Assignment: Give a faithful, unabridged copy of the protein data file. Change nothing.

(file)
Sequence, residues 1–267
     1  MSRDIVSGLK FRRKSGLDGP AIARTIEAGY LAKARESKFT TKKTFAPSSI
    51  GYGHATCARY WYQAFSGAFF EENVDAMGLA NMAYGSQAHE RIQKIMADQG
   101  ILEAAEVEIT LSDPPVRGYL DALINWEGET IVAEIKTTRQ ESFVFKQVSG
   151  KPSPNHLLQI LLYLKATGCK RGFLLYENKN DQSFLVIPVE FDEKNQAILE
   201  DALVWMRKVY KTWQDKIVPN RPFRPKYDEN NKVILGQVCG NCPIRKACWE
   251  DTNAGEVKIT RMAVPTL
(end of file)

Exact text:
Sequence, residues 1–267
     1  MSRDIVSGLK FRRKSGLDGP AIARTIEAGY LAKARESKFT TKKTFAPSSI
    51  GYGHATCARY WYQAFSGAFF EENVDAMGLA NMAYGSQAHE RIQKIMADQG
   101  ILEAAEVEIT LSDPPVRGYL DALINWEGET IVAEIKTTRQ ESFVFKQVSG
   151  KPSPNHLLQI LLYLKATGCK RGFLLYENKN DQSFLVIPVE FDEKNQAILE
   201  DALVWMRKVY KTWQDKIVPN RPFRPKYDEN NKVILGQVCG NCPIRKACWE
   251  DTNAGEVKIT RMAVPTL